Already a Bloomberg.com user?
Sign in with the same account.
Asian stocks fell, with the regional benchmark index heading for its first decline in in seven days as a deepening economic slump in Europe outweighed expectations the region’s central bank will ease rates today.
Nippon Sheet Glass Co. (5202), which counts Europe as its biggest market, fell 1.2 percent in Tokyo. Aquarius Platinum Ltd. tumbled 8.2 percent in Sydney after the world’s fourth-largest producer of the precious metal said output will fall. Li Ning Co. surged 7.3 percent after founder and Olympic gold medalist Li Ning stepped in as chief executive officer and TPG Capital pledged to boost investment in the sportswear retailer if needed.
The MSCI Asia Pacific Index lost 0.1 percent to 119.13 as of 5:13 p.m. in Tokyo, with almost five shares falling for every four that rose. The gauge climbed yesterday to its highest level since May 10 after euro-zone leaders last week agreed to relax conditions for rescuing lenders, easing concern about the region’s debt crisis.
“The market remains skeptical that policy measures in Europe will be in place in a timely fashion,” said Tim Schroeders, a portfolio manager who helps oversee $1 billion in equities at Pengana Capital Ltd. in Melbourne. “Significant details still need to be addressed, but for the time being the initiatives to tackle the debt crisis have broadened.”
Japan’s Nikkei 225 Stock Average (NKY) lost 0.3 percent. The gauge earlier gained as much as 0.3 percent earlier after Bank of Japan Governor Masaaki Shirakawa said he will continue to do his utmost to support growth.
Australia’s S&P/ASX 200 Index fell 0.1 percent. China’s Shanghai Composite Index slid 1.2 percent and Hong Kong’s Hang Seng Index rose 0.5 percent. South Korea’s Kospi Index gained 0.1 percent.
The Philippine Stock Exchange Index added 0.3 percent after Standard & Poor’s raised the Southeast Asian nation’s long-term foreign-currency-denominated debt rating by one level to BB+, the highest ranking since 2003 by S&P.
Futures on the Standard & Poor’s 500 Index were little changed. U.S. markets were closed yesterday for a holiday. American employers were expected to have increased payrolls by 90,000 workers in June after a 69,000 gain in May, according to the median forecast of 59 economists surveyed by Bloomberg News ahead of Labor Department figures due tomorrow.
Companies that do business in Europe declined as a report by Markit Economics showed Germany’s services industry Purchasing Managers Index dropped to 49.9 last month from 51.8 in May. A reading below 50 indicates a contraction. A separate survey by Markit and the Chartered Institute of Purchasing and Supply showed a U.K. gauge of services activity fell to 51.3 in June from 53.3 in May, missing economists’ estimates.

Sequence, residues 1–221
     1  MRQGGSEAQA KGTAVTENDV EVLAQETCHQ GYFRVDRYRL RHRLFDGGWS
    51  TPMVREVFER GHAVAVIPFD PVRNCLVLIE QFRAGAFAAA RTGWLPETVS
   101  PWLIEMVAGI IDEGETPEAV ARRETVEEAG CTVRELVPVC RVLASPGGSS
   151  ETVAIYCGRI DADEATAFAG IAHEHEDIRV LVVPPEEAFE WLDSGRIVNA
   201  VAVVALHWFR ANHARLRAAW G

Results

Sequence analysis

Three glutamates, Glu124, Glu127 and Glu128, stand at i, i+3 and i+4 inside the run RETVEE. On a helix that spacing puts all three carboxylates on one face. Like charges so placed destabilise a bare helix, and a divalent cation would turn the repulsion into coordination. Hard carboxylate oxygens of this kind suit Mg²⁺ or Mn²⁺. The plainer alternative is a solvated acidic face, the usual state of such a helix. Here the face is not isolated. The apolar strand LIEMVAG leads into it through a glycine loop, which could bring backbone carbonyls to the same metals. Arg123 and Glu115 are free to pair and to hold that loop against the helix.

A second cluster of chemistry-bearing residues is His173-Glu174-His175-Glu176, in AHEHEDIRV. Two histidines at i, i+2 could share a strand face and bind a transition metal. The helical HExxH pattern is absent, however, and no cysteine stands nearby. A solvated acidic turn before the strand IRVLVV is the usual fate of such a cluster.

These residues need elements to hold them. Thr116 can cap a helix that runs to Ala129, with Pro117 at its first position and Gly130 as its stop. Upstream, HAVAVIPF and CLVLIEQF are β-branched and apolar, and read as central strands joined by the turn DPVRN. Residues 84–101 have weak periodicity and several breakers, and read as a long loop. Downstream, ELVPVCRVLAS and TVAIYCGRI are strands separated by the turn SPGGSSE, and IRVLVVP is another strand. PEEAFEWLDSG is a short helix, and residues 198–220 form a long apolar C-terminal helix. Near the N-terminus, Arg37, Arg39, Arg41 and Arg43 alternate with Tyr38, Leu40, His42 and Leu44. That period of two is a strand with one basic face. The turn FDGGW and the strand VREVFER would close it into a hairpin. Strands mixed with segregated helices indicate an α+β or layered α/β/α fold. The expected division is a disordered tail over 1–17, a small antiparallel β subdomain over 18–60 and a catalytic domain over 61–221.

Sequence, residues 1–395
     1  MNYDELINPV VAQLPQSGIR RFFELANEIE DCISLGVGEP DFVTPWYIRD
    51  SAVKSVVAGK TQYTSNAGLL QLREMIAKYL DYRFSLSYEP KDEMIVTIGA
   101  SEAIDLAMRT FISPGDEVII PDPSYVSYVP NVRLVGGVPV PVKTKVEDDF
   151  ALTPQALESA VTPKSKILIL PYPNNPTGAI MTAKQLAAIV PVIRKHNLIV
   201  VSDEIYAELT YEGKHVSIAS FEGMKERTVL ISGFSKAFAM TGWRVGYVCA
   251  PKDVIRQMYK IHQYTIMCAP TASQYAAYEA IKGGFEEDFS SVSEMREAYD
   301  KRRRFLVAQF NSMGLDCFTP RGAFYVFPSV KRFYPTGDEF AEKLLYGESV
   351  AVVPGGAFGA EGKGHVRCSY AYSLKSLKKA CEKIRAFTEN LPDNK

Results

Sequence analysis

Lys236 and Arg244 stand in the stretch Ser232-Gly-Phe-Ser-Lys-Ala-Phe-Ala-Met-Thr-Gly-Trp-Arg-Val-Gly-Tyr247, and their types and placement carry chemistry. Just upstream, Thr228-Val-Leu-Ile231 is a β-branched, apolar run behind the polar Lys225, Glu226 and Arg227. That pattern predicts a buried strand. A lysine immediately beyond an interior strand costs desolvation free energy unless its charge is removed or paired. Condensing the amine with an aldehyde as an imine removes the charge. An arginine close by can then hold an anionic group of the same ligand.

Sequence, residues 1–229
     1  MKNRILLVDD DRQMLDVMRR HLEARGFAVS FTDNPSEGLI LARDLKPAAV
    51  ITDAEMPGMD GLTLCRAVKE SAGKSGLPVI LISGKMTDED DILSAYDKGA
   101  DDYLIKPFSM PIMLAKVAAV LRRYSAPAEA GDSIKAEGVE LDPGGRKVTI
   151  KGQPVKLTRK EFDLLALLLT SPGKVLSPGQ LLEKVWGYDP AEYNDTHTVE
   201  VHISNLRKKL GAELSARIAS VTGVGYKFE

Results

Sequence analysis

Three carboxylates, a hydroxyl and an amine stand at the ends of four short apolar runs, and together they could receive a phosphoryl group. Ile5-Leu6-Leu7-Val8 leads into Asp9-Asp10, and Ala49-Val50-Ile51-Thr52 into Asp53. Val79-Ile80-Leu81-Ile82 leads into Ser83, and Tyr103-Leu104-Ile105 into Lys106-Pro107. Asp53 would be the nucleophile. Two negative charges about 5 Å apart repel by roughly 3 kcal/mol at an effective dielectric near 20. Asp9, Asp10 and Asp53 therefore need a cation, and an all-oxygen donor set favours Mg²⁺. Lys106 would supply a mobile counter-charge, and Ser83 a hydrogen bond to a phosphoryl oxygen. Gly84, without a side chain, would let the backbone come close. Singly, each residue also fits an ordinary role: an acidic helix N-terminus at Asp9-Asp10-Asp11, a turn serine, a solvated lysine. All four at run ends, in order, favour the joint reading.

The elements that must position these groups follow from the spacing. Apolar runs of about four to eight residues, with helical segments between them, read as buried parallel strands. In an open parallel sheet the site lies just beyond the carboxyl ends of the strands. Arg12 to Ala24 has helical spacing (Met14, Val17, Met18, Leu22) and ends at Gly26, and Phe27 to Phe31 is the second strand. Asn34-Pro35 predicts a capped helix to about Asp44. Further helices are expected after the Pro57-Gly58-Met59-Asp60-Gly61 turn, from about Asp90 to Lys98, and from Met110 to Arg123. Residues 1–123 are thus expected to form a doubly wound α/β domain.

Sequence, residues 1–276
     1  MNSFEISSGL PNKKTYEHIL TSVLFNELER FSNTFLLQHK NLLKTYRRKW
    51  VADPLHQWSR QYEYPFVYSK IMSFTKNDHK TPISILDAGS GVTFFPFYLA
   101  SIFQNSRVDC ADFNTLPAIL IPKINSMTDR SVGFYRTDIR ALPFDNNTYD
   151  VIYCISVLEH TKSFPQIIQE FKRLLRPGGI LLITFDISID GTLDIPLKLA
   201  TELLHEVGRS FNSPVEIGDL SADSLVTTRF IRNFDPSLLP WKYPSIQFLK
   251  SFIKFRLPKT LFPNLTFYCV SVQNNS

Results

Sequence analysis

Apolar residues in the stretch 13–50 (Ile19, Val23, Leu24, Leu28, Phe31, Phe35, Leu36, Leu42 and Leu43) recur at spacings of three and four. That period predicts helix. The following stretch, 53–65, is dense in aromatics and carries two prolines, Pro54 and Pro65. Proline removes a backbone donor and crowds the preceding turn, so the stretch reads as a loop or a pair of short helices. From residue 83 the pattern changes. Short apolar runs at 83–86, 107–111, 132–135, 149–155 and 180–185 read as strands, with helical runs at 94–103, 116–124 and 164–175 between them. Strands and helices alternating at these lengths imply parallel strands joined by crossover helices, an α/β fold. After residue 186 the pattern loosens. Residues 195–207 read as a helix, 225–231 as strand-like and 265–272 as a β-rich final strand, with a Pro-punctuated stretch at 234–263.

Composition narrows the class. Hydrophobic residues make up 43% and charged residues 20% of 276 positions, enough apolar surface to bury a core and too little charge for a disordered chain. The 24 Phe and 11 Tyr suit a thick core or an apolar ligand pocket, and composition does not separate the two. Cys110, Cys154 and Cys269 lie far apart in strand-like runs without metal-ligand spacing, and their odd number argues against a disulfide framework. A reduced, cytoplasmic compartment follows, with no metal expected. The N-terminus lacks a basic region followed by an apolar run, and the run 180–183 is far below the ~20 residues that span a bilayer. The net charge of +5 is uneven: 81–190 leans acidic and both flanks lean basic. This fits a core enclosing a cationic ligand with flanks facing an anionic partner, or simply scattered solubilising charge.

Nippon Sheet Glass fell 1.2 percent to 83 yen in Tokyo. Shimano Inc. (7309), a bicycle parts maker that gets 36 percent of sales from Europe, slid 1.5 percent to 5,180 yen. Esprit Holdings Ltd. (330), a clothier that counts Europe as its largest market lost 0.6 percent to HK$10.04 in Hong Kong.
Factory orders in Germany, the euro zone’s biggest economy, probably declined 6 percent in May from a year earlier, according to the median estimate of economists in a Bloomberg survey before a report today. They fell 3.8 percent in April.
ECB officials are expected to lower their benchmark interest rate by a quarter point to a record-low 0.75 percent today, according to the median forecast of economists surveyed by Bloomberg. The Bank of England today will raise its target for bond purchases, according to another Bloomberg News survey.
The MSCI Asia Pacific Index (MXAP) gained 4.7 percent this year through yesterday, compared with a 9.3 percent advance by the S&P 500 and a 5.2 percent increase by the Stoxx Europe 600 Index. Stocks in the Asian benchmark are valued at 12 times estimated earnings on average, compared with 13.1 times for the S&P 500 and 10.8 times for the Stoxx 600.
Aquarius Platinum sank 8.2 percent to 72.5 Australian cents in Sydney. The company said it will cut production of the precious metal by 21 percent in the 12 months starting from July 1 as it seeks to conserve cash amid weakening prices.
Among stocks that advanced, Flight Centre Ltd. jumped 6.3 percent to A$20.49 in Sydney, the most since January 2010. The travel agency said today full-year pre-tax profit may rise to the upper end of its forecast.
Li Ning surged 7.3 percent to HK$5.03. The company said its founder and gymnast Li will help run the company while it searches for a new CEO to replace Zhang Zhi Yong. Kim Jin Goon, a partner at shareholder TPG Capital who has been appointed executive vice chairman, said TPG may invest more if the company needs more capital.
To contact the reporter on this story: Jonathan Burgos in Singapore at firstname.lastname@example.org
To contact the editor responsible for this story: Nick Gentle at email@example.com